Search Images Maps Play YouTube News Gmail Drive More »
Sign in
Screen reader users: click this link for accessible mode. Accessible mode has the same essential features but works better with your reader.

Patents

  1. Advanced Patent Search
Publication numberUS7155131 B2
Publication typeGrant
Application numberUS 09/999,758
Publication dateDec 26, 2006
Filing dateOct 23, 2001
Priority dateOct 23, 2001
Fee statusPaid
Also published asUS20030076566
Publication number09999758, 999758, US 7155131 B2, US 7155131B2, US-B2-7155131, US7155131 B2, US7155131B2
InventorsJonathan Simon, Scott Corzine
Original AssigneeAvago Technologies Fiber Ip (Singapore) Pte. Ltd.
Export CitationBiBTeX, EndNote, RefMan
External Links: USPTO, USPTO Assignment, Espacenet
Optical communication devices, light emission devices and optical communication methods
US 7155131 B2
Abstract
The invention relates to optical communication devices, light emission devices and optical communication methods. Aspects of the present invention provide methods and devices enable provision of modulated output optical signals without providing modulation of total photon populations of cavities of associated lasers. Such avoids or minimizes bandwidth restrictions associated with conventional methods or devices which modulate total photon populations within cavities of lasers. One aspect of the invention includes an optical communication method including providing a data signal comprising data to be communicated and emitting light using a laser. The method further includes modulating the laser across a lasing mode transition responsive to the data signal. The emitting further includes emitting the light during a plurality of lasing modes of the laser to communicate the data responsive to the modulating.
Images(5)
Previous page
Next page
Claims(10)
1. An optical communication device, comprising:
a laser biased to operate at a mode-hop boundary between a first spatial distribution mode of operation and a second spatial distribution mode of operation;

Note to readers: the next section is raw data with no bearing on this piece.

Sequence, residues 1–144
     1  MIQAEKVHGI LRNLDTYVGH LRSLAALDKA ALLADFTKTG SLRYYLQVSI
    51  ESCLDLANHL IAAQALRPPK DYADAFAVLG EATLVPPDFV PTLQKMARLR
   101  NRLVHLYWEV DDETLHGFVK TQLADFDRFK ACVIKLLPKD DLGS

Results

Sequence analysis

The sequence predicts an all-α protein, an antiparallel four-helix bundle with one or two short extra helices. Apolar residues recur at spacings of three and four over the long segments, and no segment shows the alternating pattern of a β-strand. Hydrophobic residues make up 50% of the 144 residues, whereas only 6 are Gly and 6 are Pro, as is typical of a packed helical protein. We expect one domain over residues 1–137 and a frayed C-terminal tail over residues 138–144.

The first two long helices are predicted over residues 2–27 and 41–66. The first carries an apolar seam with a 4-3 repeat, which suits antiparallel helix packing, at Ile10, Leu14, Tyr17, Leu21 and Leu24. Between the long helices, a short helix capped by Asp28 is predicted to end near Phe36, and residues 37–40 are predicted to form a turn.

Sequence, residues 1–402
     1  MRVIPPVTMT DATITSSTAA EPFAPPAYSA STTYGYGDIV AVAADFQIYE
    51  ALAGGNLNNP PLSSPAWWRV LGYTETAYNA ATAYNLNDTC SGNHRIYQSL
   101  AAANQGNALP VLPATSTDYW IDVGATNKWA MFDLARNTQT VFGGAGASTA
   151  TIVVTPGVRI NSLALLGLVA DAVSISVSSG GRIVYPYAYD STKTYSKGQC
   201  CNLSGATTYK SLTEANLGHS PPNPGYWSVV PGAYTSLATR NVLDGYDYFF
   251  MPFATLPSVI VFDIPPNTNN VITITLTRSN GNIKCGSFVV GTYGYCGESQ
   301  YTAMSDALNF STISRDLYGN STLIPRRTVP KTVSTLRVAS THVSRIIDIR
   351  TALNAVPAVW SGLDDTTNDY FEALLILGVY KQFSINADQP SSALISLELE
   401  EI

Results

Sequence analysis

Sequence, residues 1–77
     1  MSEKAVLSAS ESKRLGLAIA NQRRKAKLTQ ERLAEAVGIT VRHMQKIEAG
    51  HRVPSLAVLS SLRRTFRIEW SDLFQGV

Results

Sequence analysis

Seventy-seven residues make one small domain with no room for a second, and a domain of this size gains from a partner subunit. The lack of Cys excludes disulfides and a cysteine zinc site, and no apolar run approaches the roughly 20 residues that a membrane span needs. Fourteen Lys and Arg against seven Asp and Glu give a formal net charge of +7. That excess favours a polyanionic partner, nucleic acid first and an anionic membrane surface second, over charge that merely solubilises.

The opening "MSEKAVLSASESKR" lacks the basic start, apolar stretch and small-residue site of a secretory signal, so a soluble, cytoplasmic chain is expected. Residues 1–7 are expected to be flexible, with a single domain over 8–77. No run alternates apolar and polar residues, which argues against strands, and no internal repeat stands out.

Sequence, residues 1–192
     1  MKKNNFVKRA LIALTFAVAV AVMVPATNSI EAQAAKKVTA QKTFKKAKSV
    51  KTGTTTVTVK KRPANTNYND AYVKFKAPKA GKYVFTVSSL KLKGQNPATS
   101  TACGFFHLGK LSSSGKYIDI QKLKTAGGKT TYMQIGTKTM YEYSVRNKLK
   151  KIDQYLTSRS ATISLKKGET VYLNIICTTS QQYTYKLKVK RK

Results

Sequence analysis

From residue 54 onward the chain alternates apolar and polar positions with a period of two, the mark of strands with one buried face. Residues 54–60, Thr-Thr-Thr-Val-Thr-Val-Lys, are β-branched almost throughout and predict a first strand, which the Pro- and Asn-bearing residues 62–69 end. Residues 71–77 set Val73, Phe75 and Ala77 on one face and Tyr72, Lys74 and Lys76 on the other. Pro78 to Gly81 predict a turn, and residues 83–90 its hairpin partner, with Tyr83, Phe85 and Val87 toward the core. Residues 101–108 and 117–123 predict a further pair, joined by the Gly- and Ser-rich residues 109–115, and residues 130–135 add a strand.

a mode selection device coupled to the laser, the mode selection device operable to selectively place the laser in one of the first spatial distribution mode of operation and the second spatial distribution mode of operation, the mode selection device being further operable to provide a transition between the two modes of operation; and
a spatial filter coupled to the laser, the spatial filter operative to pass light corresponding to the one of the first spatial distribution mode of operation and the second spatial distribution mode of operation, wherein the light passing through the spatial filter corresponds to a digital high of information.
2. The device of claim 1, wherein the spatial filter is operative to pass light within a first radius range and block light outside the first radius range.
3. The device of claim 1, further comprising an interface coupled to the laser, the interface operative to providing the laser, data signals for optical transmission.
4. The device of claim 1, wherein the mode selection device is operative to selectively place the laser in one of the first spatial distribution mode of operation and the second spatial distribution mode of operation by coupling a first optical signal into the laser.
5. The device of claim 1, wherein the mode selection device is operative to selectively place the laser in one of the first spatial distribution mode of operation and the second spatial distribution mode of operation by coupling a first electrical signal into the laser.
6. A method of optical communication, comprising:
providing a laser;
biasing the laser to operate at a mode-hop boundary between a first spatial distribution mode of operation and a second spatial distribution mode of operation;
providing a control signal to the laser;
using the control signal to selectively operate the laser in at least one of the first spatial distribution mode of operation and the second spatial distribution mode of operation;
using the control signal to provide at least one of a first transition from the first spatial distribution mode of operation to the second spatial distribution mode of operation and a second transition from the second spatial distribution mode of operation to the first spatial distribution mode of operation;
providing a spatial filter; and